A filing Monday with the Securities and Exchange Commission by troubled Bridgepoint Education raises questions about the company’s continued compliance with a federal law requiring for-profit colleges to obtain at least 10 percent of their revenue from sources other than Department of Education-provided student grants and loans.
Bridgepoint’s access to other funding was placed in jeopardy last week when the Department of Veterans Affairs informed the company’s online-only Ashford University that it was questioning the appropriateness of the state of Arizona serving as the approving state for GI Bill education benefits. Ashford sought to make Arizona its new base for GI bill funding after the state of Iowa dropped its approving status, following Ashford’s closing of its physical campus in the state.
The VA announced its intention to suspend payment of GI bill funds and approval of new student enrollments at Ashford unless the company corrected the state approval issue. While Bridgepoint in its SEC filing said it would “vigorously challenge” that VA decision, it also sought to ensure investors that it would not run afoul of federal law even if it lost the VA funding:
In fiscal year 2017, our veteran students comprise approximately 10 percent of our total enrollment and approximately 5 percent of our revenue. If Ashford University were to lose all access to military affiliated students, it would continue to be in compliance with the 90/10 Rule.
What Bridgepoint did not expressly mention in its filing is that the VA’s decision put at risk another source of non-Education Department funding. A school’s participation in the Defense Department Tuition Assistance (TA) program ― funding education for active duty troops ― is dependent upon approval by the VA for participation in the GI bill. If a school loses GI bill eligibility, which is what Ashford faces, it also loses TA dollars.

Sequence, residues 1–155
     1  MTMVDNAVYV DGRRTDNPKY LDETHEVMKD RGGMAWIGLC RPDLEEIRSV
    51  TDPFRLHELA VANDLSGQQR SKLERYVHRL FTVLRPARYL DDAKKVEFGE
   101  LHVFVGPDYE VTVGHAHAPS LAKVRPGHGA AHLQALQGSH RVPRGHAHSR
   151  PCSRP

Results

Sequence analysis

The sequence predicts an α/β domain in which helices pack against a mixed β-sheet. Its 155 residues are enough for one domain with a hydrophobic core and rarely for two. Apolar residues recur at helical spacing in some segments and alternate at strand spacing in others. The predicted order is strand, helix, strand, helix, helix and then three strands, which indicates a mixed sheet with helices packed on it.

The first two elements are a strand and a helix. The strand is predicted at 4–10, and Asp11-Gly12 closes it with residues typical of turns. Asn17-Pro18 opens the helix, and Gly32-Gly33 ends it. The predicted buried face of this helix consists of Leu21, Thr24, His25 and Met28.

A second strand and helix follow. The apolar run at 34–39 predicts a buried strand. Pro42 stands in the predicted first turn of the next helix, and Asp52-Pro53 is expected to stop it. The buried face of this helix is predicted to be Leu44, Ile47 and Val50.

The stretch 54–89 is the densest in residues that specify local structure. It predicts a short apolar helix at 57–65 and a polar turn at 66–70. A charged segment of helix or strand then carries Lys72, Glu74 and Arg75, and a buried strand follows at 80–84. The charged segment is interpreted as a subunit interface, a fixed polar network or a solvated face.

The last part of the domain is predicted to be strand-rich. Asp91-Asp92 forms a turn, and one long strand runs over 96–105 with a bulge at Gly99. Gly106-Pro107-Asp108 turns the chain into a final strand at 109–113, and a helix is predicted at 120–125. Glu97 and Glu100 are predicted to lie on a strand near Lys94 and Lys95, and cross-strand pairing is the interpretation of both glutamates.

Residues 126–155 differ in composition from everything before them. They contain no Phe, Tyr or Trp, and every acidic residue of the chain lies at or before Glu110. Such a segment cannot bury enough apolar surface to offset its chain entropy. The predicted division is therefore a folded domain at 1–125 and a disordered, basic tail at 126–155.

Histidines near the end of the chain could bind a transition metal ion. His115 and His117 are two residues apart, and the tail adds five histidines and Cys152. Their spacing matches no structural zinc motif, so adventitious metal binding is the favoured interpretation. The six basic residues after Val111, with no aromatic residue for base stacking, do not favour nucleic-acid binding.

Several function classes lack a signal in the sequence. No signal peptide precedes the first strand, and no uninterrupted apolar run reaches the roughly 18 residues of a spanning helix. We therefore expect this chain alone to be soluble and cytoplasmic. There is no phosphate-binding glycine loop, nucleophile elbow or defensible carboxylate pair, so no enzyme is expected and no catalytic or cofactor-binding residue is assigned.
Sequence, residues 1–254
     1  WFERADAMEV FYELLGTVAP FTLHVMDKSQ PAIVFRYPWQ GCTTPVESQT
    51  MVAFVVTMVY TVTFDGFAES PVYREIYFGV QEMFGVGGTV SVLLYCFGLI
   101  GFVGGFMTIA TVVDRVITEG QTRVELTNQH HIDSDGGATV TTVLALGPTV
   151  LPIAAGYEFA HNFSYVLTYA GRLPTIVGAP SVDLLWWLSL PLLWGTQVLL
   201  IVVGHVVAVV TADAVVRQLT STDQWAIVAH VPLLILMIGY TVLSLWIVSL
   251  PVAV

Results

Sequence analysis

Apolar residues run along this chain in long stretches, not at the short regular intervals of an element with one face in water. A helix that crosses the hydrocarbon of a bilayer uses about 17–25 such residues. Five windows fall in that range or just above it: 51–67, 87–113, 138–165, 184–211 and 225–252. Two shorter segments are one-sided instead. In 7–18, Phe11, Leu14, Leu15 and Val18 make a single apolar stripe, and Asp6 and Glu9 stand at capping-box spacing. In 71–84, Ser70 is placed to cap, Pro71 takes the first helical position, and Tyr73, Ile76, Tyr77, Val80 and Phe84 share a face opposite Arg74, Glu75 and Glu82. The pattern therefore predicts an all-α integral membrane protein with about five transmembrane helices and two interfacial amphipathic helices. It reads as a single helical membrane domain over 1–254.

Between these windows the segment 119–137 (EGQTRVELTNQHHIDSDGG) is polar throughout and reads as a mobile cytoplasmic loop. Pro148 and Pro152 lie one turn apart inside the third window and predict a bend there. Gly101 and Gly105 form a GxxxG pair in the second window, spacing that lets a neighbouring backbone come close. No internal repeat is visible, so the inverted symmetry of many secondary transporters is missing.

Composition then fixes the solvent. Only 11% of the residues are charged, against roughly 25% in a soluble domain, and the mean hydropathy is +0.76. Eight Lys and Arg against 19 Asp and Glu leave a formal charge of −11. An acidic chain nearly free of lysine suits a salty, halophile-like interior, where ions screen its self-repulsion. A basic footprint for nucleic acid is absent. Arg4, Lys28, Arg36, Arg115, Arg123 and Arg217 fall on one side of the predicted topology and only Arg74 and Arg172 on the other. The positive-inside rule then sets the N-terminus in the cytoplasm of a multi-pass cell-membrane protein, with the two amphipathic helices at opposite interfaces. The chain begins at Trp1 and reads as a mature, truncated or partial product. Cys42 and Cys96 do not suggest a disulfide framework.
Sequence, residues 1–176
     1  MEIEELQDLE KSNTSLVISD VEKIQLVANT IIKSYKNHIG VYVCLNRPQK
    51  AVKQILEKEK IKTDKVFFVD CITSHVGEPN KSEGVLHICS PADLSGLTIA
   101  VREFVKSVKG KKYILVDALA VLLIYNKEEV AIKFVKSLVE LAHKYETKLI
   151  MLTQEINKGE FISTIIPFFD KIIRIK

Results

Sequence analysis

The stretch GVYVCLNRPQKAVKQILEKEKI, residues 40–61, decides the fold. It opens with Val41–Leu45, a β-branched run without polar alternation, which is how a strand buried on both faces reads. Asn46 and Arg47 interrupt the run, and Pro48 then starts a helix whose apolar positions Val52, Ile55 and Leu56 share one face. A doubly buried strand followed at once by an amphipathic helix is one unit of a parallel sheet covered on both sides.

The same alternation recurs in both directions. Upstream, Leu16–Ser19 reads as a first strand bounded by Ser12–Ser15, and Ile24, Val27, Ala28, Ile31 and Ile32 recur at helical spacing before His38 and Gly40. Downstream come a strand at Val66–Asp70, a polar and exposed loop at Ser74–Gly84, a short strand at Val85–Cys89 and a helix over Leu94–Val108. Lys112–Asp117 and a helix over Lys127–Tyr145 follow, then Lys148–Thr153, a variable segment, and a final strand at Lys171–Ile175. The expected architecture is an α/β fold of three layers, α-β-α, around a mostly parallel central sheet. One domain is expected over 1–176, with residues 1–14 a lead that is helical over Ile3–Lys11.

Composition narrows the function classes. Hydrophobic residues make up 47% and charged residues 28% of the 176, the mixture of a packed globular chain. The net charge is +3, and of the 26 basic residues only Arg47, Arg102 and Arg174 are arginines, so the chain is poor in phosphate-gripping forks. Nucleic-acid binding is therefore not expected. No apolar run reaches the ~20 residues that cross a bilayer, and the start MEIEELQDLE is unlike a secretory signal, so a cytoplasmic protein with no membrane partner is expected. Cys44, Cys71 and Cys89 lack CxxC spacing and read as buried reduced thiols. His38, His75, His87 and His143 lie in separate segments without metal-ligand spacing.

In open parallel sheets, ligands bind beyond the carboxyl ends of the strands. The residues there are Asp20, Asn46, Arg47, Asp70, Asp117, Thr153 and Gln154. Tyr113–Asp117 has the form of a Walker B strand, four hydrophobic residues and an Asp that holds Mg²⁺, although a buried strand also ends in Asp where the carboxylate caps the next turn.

While Bridgepoint did reference “military affiliated students,” it did not expressly note that its TA dollars are at risk from the department’s decision. It’s also not clear how Bridgepoint will be able to satisfy the 90-10 rule if both VA and TA money is withdrawn.
A new report from Veterans Education Success reveals that in 2013-14 Ashford University obtained $546,796,000 in Education Department aid, plus $81,859,427 in VA and TA benefits, for a total of 98.4 percent of its revenue coming from federal sources. (Bridgepoint’s only other school, University of the Rockies, had $22,346,000 from the Education Department and $1,853,544 from VA and TA, and 94.8 percent federal money. That school is treated separately for 90-10 purposes.)
Unless these revenue streams are now significantly changed, it’s hard to say how Bridgepoint can remain in compliance with 90-10 if it loses VA and TA dollars, and the SEC filing offers no details.
The Chronicle of Higher Education report this week states that GI bill and other military programs provide Bridgepoint with $72 million a year in revenue.